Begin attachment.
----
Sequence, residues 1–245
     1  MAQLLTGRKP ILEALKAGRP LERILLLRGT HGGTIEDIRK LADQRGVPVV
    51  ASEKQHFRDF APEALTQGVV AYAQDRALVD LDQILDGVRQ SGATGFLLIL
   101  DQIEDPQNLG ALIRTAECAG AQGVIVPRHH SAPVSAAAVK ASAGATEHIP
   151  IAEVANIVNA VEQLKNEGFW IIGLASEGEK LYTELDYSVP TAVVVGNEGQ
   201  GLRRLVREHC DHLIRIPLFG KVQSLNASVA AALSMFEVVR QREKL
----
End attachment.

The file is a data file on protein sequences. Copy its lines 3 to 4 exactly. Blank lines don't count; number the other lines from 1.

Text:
    51  ASEKQHFRDF APEALTQGVV AYAQDRALVD LDQILDGVRQ SGATGFLLIL
   101  DQIEDPQNLG ALIRTAECAG AQGVIVPRHH SAPVSAAAVK ASAGATEHIP